New Jersey’s Most Painted Rock
I can’t remember exactly when I first saw the Painted Rock on Route 539. It was probably when my family and I started driving to Atlantic City instead of taking those terrible buses. Maybe twenty years ago or so. I do remember that it was painted purple. It was sort of a “halfway point” for me, and looking out for it made the trip seem shorter. Then, each time we passed it on our way to A.C. or my cousin’s house in Barnegat, it was painted differently! So I started taking my camera along on each trip. It is usually decorated for every holiday and occasion.
One time it had a regular white envelope with the words “Welcome home Marilyn” written on it. Inside the envelope was a handful of dirt! The Rock celebrated the return of “The Boss.” It even had a strange (alien?) diagram next to the symbol for infinity on it once. On another occasion, it was painted one thing on the way down, and something different on our way back!
But since 9/11, it’s been, in various forms, an American flag. I’ve never seen anyone painting it, though. It’s a great mystery and a great landmark!
To find it when traveling on Route 539 South, look for mile marker 20 and then the sign for the Greenwood Wildlife Management Area. The Rock is on the right just before the second guardrail. If traveling north, it’s about six miles north of Route 72 on the left side of the road. –Susan Ortiz
Legends of the Rock
There are a few stories concerning this rock and they all begin the same way. The legend says that rock was originally a jetty stone. It was being transported to a jetty building project. The stories then part ways at this point. Either it fell off a truck during the 1930’s on its way to Barnegat or it fell when the truck carrying it (along with the other stones) overturned. This second story is set in the 1960’s and the truck was on its way to a jetty project near Tuckerton. One other report has the year set during the 1970’s.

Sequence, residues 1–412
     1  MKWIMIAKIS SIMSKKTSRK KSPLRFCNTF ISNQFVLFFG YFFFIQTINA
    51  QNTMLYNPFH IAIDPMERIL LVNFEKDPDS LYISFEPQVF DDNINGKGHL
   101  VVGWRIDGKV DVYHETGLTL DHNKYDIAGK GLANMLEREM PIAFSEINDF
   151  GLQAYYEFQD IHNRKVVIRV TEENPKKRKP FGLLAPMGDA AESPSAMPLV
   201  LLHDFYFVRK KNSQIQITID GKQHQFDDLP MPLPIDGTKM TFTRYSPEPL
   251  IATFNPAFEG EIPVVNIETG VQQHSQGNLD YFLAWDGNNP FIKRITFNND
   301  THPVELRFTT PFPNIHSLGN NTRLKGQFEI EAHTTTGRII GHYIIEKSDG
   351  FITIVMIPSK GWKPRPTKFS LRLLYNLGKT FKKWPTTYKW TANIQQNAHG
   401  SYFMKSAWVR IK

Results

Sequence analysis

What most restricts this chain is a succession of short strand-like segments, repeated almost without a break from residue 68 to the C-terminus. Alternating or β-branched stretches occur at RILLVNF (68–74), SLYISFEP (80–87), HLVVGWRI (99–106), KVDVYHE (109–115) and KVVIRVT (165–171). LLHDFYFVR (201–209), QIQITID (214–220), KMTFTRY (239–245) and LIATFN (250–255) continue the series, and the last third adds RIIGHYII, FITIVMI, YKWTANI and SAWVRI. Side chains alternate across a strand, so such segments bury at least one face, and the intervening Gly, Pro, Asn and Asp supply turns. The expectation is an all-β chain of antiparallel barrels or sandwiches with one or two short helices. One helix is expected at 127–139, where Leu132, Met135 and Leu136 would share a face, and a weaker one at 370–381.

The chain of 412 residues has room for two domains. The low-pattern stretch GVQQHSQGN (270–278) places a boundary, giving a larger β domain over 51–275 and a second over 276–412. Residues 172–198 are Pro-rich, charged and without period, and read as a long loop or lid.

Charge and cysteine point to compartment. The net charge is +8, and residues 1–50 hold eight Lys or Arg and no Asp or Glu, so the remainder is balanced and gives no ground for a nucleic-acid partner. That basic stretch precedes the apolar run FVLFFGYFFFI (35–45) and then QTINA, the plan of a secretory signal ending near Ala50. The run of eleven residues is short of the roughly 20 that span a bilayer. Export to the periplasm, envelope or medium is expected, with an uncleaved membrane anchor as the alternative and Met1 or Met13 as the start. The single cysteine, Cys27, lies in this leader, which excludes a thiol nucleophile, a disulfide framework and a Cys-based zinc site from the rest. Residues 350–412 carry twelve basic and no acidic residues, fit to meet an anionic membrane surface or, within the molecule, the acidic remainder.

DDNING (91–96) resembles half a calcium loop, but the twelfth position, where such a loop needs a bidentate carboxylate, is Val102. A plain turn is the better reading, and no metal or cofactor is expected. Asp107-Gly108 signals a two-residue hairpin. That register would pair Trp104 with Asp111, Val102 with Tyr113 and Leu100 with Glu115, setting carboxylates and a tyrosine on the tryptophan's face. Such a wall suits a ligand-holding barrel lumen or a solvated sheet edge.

Next, there is a story stating that the original painters of the rock were from a local fraternity. I am not from the area but I don’t know of any colleges or universities that were close enough for the fraternities to care. The latest painter’s identity is a matter of fact and documentation. His name is Edward Gillesheimer of Cedar Glen Lakes. He retired after owning a paint shop in the area. Several years ago he started painting the rock to cover over graffiti by the local youths. He has been painting it and people have left little messages around the rock in appreciation. He has painted it in different motifs according to the month, season or special occasion. The latest motif is in the form of an American flag and has “9/11/2001” painted on it. –Todd Hansell
The preceding article is an excerpt from Weird NJ magazine, “Your Travel Guide to New Jersey’s Local Legends and Best Kept Secrets,” which is available on newsstands throughout the state and on the web at www.WeirdNJ.com. All contents ©Weird NJ and may not be reproduced by any means without permission. Photos by Mark Moran, illustration by Ryan Doan.
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